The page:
Junior Steven Gaitán López (El Pollito)

15 Years Old - Estudiante

Junior Steven Gaitán López

“Hey man, don’t kill me, I don’t have anything…”


Murdered in Masaya on June 2, 2018

Junior Gaitán López was a mischievous boy, happy and very active. He was 15 years old and was known as “Pollito” (little chicken) ever since he was little. He was in his first year of high school at the Instituto Central of Masaya. His mother, Aura Lila López, recalls, “He was around 10 when he got serious about school, and he loved math. He was often among the honor students in the school parades… the teachers loved him a lot.” He was also a passionate soccer fan. He played in the mornings at a field in the San Carlos neighborhood, where he lived, and in the afternoons he went to school.

He was sweet and friendly, always protected his little brother, though he would horse around and play jokes on his older brother. He liked to draw, but his passion was painting graffiti. He wanted to learn techniques for painting graffiti on walls. He also liked Masaya’s traditional culture. He took part in the Torovenado, Malinche de la Carmen Toribio, in Los Ahuizotes, and the Toro Huaco and processions for San Jerónimo.

His father, José Javier Gaitán Mercado, is from Monimbó. He has a bicycle repair shop. He says he spent a lot of time with Junior, because his workshop is at the house and Junior would often help him out. He recalls that when the first marches took place in Managua, people in Masaya began to organize in different neighborhoods. “Junior got involved in the protest from the beginning. He took part in the march on April 18, and later went around with the young people manning the barricades. He wanted to make Nicaragua better.” His sister Giselle says, “Junior didn’t like to see injustice, and that’s why he got involved in the protest.”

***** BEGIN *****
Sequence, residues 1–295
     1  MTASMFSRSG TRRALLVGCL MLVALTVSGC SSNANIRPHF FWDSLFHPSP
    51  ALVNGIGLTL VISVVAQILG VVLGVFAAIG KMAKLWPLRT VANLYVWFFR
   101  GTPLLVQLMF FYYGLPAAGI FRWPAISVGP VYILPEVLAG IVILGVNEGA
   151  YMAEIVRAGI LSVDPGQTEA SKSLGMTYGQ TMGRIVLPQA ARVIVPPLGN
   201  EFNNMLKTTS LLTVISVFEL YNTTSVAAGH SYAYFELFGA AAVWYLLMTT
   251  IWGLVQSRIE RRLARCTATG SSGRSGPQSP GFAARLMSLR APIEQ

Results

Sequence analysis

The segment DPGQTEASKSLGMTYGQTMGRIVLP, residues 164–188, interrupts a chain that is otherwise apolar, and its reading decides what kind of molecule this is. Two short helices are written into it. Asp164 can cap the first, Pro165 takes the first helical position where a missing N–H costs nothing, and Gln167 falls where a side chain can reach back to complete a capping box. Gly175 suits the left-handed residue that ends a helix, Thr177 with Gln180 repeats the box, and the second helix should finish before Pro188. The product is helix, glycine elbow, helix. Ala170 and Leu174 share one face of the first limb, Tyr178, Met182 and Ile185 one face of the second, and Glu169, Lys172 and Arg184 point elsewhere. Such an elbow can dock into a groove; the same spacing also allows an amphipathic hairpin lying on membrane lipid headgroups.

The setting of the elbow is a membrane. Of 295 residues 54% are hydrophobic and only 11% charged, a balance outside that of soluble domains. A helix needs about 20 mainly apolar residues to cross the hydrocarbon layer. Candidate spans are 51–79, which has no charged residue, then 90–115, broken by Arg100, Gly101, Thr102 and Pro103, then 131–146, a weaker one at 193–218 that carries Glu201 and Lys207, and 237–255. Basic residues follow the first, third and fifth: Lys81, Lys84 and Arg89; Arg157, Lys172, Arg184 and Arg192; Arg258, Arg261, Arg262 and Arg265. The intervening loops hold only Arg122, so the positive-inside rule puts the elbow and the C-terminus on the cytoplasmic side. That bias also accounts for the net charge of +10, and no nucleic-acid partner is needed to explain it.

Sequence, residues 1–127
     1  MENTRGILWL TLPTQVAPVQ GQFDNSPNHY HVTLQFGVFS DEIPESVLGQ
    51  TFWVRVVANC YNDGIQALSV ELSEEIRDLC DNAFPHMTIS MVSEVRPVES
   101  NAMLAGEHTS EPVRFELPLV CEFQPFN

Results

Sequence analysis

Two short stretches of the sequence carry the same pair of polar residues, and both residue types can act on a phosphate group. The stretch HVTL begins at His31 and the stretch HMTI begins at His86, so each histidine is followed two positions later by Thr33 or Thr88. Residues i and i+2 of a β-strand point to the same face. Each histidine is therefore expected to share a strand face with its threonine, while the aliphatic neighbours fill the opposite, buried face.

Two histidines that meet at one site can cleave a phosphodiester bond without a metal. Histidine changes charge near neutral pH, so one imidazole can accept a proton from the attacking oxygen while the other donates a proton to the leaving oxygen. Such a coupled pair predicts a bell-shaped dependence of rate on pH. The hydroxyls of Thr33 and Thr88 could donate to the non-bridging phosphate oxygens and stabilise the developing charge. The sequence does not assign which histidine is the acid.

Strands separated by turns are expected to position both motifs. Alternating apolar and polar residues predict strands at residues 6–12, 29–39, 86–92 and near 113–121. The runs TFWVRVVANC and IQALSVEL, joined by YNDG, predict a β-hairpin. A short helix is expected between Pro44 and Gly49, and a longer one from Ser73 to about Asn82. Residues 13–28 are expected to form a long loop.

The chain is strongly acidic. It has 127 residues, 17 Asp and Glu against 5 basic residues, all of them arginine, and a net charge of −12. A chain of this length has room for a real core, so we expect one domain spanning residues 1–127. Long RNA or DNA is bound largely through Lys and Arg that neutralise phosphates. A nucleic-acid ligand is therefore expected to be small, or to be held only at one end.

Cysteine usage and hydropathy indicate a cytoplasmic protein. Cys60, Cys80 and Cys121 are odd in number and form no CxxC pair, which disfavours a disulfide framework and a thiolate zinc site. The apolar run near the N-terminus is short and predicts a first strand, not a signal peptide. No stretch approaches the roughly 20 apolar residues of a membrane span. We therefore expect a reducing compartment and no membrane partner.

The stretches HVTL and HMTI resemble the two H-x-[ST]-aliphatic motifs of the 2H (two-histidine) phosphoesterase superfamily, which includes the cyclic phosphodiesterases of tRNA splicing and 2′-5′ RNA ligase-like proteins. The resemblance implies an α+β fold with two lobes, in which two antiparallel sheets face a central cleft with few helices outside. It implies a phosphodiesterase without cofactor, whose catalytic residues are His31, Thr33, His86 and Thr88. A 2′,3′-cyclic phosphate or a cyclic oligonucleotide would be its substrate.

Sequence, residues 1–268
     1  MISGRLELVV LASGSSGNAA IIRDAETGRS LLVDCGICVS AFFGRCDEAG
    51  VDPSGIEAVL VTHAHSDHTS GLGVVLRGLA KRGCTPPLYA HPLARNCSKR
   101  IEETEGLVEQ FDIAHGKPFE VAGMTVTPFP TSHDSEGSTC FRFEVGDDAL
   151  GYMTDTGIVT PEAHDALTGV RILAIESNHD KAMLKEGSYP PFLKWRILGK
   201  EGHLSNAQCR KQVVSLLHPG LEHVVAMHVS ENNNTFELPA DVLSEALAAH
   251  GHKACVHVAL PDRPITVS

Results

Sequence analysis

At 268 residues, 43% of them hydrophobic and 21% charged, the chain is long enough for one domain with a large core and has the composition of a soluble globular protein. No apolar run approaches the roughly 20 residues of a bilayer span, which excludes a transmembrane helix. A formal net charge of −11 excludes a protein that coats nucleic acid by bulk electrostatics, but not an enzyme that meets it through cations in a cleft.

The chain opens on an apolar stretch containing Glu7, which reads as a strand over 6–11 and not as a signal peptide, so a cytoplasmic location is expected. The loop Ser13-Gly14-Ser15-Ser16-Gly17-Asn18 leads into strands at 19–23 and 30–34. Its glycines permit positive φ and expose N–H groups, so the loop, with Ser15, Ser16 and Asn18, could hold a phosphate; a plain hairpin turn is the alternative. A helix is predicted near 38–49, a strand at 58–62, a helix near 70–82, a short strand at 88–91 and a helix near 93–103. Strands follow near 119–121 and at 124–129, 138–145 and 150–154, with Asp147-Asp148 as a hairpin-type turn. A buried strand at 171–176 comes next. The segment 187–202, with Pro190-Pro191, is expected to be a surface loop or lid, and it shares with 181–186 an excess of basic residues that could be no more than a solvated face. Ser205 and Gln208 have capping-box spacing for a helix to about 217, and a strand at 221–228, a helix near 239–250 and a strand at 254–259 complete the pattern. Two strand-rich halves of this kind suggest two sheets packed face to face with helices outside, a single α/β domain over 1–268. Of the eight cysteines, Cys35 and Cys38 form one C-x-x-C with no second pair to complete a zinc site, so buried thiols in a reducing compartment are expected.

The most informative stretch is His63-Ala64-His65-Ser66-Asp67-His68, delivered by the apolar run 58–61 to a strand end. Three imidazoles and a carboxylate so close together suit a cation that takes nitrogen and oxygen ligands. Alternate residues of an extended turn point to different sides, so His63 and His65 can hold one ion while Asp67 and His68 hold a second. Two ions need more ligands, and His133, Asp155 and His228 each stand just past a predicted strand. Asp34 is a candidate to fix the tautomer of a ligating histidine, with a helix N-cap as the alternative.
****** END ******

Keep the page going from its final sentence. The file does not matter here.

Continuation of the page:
On Saturday June 2, Junior Steven was uneasy. He wanted to go out to join his friends at the barricades that had been erected in the town center. He insisted so much that his parents finally gave him permission to go to the barricade at La Membreño, where his friends were. That weekend, the repression in Masaya increased, and a young man was murdered near the San Miguel Church. “I was very worried because Junior didn’t come home, and at around 4 in the afternoon I asked his father to go look for him. He went but didn’t find him, and went out again at 6 in the evening, but again didn’t find him. At around 6:15, someone came by the house to tell us that ‘Pollito’ had been killed,” recalls doña Aura Lila.

She went immediately to the San Miguel Church, since she was told his body was there. Barricades and roadblocks had been put up throughout Masaya, built by protesters at every corner to keep the police and paramilitaries—who were repressing the population viciously—from circulating in the city. Aura Lila was able to reach the San Miguel Church on her neighbor’s motorcycle; the protesters let her through and said, “There goes the mother of the boy who was just killed.” When she entered the church, she saw her son on a stretcher. His face was covered and he had a bullet wound in his chest. His sister recalls that when she got there, her mother was already at the church, “holding Junior’s hand in hers. She didn’t want to let go.”

“They shot him at close range… He was an unarmed boy. He wasn’t going to harm anyone,” says his mother, with profound sadness.

Aula Lila was moved by people’s solidarity, and recalls it this way: “His body was carried from the San Miguel Church to our house in a sort of procession. So many people joined the procession to accompany our family. Walking to the cemetery in the San Carlos neighborhood, the funeral march stopped in each neighborhood, and each time young people yelled out, “Junior Gaitán, present!” and they sang the national anthem. We buried him in the midst of the government’s repression and citizen resistance.”

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